Finnish company, Solar Foods, in an interview with Greentech Media (GTM), shared plans to start making a kilo of food a day from nothing but electricity, water and air.
Next month, the company will electrolyze water to produce hydrogen (H2) that is used, along with carbon dioxide (CO2) and small amounts of trace elements, to feed microbes.The microbial cells, with a protein content of up to 60% and an amino acid composition similar to soybeans or algae, will be heat-treated to form a fine powder, similar in appearance and texture to dried milk.
Solar Foods CEO Pasi Vainikka said the product could be used to enrich widely consumed human foods such as bread or pasta.
The company’s €1m ($1.1m) pilot plant, near the Finnish capital of Helsinki, is intended as a precursor to commercial-scale operations that could commence as early as the beginning of 2021, depending on European Food Authority (EFA) approval.
The EFA novel food regulation approval process involves animal and human testing and typically takes around two years, costing around €500,000 ($566,000).
If it gets approval, Solar Foods will make an investment decision on commercial production and could move to large-scale manufacturing, producing protein for 50 million meals a year, within 12 months. “We are already able to scale,” Vainikka said.
A full-scale plant would resemble a brewery, he said. Unlike a brewery, though, the microorganisms vital to the production process would feed off H2 and CO2 instead of sugars from plant material.
“This is a fundamental difference compared to any of the foods on the market, or technologies or ways to produce food,” said Vainikka. “This way, we can disconnect from land use completely.”
For the pilot plant, Solar Foods has secured a 100% renewable electricity supply, based on hydropower, via the Finnish utility Fortum. In the future, said Vainikka, the source of electricity would not be crucial to the production process.
But for cost reasons and to help with consumer acceptance, the company would likely seek to power the manufacturing process with renewable energy, he said. “One scenario is you could make this food in deserts or in the Arctic,” he commented.
“If we go to the cheapest electricity in the world, that is currently solar power in the sun belt,” he added.
“This way, we can disconnect from land use completely.”
Pasi Vainikka, CEO, Solar Foods
Even with Nordic electricity prices, Vainikka said he believed the process could be competitive with mainstream soy, milk or meat production. Based on a rock-bottom PV price of around $15 per megawatt-hour, it might even be competitive with monoculture soy grown for animal feed in South America, he said.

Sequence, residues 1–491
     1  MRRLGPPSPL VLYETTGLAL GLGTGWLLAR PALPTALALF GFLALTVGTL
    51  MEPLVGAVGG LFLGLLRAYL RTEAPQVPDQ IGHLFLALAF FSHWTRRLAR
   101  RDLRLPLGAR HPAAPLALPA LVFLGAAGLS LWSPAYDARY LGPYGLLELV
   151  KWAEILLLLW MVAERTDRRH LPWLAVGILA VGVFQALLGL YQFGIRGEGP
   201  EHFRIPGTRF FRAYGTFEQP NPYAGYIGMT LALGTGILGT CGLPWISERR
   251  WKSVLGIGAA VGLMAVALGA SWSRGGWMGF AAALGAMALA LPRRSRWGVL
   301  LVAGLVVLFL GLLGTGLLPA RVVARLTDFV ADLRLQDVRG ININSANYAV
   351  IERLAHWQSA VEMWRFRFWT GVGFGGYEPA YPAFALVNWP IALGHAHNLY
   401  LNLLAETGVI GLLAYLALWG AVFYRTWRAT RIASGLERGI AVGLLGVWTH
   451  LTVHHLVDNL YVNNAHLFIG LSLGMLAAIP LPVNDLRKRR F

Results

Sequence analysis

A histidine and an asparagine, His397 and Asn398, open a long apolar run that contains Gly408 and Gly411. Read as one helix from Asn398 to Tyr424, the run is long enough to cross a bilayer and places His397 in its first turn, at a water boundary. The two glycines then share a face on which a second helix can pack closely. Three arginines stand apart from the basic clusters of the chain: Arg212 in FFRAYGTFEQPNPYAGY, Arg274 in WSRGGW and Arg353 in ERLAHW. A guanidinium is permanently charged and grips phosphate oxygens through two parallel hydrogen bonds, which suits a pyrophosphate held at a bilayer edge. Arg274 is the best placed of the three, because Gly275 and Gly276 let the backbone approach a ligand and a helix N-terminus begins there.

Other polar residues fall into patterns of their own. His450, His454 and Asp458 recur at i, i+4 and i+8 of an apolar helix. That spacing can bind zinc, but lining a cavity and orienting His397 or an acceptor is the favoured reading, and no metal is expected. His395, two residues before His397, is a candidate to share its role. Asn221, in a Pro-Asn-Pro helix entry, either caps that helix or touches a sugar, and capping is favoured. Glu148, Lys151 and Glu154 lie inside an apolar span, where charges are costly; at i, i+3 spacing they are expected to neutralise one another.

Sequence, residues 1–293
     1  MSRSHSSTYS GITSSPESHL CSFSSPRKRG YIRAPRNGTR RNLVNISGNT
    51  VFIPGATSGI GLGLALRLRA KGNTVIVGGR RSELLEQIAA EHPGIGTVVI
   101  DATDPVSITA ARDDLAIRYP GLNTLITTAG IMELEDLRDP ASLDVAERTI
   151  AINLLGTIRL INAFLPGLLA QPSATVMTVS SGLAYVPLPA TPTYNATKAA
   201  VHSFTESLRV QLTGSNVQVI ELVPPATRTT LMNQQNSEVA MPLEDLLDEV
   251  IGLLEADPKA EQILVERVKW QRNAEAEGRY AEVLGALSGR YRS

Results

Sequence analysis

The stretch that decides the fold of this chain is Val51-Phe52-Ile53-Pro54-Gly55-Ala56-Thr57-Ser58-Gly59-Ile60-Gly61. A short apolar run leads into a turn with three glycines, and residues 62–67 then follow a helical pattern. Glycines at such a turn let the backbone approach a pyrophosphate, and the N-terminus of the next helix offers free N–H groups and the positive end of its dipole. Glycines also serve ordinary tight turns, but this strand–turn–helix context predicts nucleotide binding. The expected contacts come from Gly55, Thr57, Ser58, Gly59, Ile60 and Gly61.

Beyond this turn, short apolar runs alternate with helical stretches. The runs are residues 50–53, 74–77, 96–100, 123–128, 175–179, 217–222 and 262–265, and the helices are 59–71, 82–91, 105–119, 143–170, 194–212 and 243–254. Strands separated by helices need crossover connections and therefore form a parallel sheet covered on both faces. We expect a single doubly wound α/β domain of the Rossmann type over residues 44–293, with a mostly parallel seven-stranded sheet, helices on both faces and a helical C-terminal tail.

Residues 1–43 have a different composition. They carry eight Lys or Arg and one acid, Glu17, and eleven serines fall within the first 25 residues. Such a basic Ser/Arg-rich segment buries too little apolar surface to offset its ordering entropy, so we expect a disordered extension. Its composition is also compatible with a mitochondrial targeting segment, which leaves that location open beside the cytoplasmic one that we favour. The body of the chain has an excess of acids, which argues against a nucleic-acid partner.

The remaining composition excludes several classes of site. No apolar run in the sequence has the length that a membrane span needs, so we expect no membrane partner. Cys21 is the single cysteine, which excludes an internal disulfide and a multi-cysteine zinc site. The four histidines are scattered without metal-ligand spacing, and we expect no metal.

“Surprisingly, this seems to work out economically,” he continued.
Using H2 for food manufacturing would also be more financially attractive than using the gas for energy storage, he claimed.
Because a Solar Foods plant’s electricity supply would mainly be used to create H2 as a feedstock for bacterial growth, the industrial process would be able to tolerate daily variations in energy.
In a grid setting, electrolyzer energy consumption could even be set to follow demand curves so usage increases at times of lower electricity pricing, according to Vainikka.
In March of this year, Solar Foods secured €2m ($2.3m) from Lifeline Ventures, VTT Ventures Oy and Green Campus Innovations Oy to perfect its food-from-air concept. In October, the company was selected for the European Space Agency’s Business Incubation Programme to develop a system for producing proteins on space flights to Mars. For now, Solar Foods is not claiming its products could replace foods altogether. However, Vainikka believes, “There is a portfolio of these organisms, so you could have mixtures in the future.”
Technically, the Solar Foods process could scale up to replace most proteins in the human diet, potentially eliminating what scientists see as a major stressor to the environment.
Already, 40% of arable land is used for meat production, said Vainikka, and this is expected to grow significantly along with a growing and more affluent global population.
The question, Vainikka said, is whether consumers will bite on a steak replacement that is nothing more than air.